When companies are in the process of evaluating mergers it is essential to conduct a thorough study required to determine whether the merger makes sense financially. This involves a discounted cashflow (DCF) as well as comparing and contrast trading comparables, as well as previous transactions. It also involves calculating future synergies to be realized when the deal has been concluded. This is a complicated step that requires the knowledge of an analyst with financial experience with experience in M&A modeling.
A dilution/accretion analysis is crucial in determining the profitability. This analysis determines whether a merger will increase or decrease earnings per share (EPS), post-transaction, of the acquiring firm. The process begins by estimating pro-forma earnings per share (EPS) of the acquirer. An increase in earnings is considered to be a positive while a decrease would be considered a negative.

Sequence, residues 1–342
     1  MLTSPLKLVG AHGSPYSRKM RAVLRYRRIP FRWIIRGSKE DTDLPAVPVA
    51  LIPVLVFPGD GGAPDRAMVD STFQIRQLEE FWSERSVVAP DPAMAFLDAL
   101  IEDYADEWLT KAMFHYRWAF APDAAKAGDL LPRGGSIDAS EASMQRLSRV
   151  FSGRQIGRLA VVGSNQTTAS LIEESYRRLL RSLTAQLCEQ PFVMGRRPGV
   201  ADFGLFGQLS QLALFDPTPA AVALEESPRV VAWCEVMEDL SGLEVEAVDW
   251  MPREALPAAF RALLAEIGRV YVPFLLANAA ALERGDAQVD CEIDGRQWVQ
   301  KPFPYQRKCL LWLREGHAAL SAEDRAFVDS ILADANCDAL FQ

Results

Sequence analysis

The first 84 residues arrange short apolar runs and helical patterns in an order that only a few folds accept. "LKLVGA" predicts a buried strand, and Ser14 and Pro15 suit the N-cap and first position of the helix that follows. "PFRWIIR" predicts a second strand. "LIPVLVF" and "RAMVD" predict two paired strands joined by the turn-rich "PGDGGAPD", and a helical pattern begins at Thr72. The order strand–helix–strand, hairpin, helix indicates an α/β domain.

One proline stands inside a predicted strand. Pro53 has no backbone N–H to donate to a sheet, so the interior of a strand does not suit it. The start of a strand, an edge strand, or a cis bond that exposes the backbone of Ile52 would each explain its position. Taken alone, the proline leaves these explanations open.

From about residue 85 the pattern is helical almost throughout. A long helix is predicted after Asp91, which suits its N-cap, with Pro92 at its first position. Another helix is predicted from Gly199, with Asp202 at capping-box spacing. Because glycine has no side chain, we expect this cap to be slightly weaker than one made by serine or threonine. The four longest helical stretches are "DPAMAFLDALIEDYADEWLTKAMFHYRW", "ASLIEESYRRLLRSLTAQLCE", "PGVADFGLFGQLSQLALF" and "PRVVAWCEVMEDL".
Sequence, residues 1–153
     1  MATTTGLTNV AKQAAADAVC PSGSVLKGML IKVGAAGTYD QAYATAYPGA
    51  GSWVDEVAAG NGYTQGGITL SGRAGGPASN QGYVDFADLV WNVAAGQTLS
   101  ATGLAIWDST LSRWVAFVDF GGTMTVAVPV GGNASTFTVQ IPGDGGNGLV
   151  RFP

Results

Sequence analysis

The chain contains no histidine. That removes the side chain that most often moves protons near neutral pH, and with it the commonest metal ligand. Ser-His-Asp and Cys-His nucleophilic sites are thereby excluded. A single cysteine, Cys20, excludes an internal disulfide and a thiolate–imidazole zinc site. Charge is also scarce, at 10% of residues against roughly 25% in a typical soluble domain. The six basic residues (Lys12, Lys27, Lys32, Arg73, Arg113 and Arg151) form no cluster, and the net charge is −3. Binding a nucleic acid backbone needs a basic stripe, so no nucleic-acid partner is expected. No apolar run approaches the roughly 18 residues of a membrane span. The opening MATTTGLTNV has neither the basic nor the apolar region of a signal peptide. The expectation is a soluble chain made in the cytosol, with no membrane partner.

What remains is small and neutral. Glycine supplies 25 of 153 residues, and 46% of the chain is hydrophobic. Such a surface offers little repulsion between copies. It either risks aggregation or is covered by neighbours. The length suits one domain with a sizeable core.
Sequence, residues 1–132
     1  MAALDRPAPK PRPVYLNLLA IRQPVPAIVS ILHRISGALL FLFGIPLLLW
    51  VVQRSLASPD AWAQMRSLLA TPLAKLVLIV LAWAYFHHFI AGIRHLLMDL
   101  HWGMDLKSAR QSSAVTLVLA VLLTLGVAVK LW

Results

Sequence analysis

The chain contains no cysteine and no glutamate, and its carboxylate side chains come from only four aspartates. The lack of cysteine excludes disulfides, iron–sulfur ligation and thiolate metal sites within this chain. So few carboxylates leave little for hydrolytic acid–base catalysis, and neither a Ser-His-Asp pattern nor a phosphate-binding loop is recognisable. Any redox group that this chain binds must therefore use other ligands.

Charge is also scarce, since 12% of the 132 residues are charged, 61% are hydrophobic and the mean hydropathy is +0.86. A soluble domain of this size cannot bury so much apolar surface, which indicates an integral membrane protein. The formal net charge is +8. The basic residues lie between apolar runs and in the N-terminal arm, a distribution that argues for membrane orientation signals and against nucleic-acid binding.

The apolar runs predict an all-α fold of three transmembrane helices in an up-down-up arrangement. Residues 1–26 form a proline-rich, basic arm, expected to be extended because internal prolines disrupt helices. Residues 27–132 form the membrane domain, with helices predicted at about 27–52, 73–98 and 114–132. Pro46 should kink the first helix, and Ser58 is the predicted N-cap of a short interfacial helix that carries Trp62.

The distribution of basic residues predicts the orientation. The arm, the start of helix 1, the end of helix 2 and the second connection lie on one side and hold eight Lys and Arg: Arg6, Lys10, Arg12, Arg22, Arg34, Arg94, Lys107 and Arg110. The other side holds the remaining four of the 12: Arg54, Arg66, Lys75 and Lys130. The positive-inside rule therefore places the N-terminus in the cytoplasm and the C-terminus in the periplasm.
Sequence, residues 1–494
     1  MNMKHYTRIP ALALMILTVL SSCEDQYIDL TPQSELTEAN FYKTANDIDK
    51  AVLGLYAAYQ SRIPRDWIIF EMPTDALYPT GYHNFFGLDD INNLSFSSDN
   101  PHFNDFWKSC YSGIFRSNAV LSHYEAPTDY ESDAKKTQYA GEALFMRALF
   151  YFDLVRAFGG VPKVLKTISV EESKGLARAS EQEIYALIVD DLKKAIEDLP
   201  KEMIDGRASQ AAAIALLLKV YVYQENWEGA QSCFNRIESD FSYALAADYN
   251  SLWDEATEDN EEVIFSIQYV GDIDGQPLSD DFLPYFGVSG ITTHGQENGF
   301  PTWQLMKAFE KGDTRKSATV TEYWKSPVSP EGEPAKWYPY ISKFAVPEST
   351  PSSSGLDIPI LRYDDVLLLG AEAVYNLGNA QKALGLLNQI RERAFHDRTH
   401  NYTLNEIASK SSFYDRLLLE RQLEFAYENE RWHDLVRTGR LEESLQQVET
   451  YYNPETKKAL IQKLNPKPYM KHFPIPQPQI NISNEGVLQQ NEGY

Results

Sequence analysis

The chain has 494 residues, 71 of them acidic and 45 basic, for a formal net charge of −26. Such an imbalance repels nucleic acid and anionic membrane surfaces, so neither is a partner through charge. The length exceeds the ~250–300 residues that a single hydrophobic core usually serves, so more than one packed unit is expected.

The analysis must also consider the impact of the merger on the competition between merging companies and the market. This includes the possibility of anti-competitive impacts, such as deals made to the merged company or a heightened concentration of power in the market. While there is some research in this area, more work is needed to find quantitative analyses that are suitable for assessing the competitive impacts of horizontal mergers. The research should also look at other barriers to coordination that are already present on the market, and how a merger can alter this.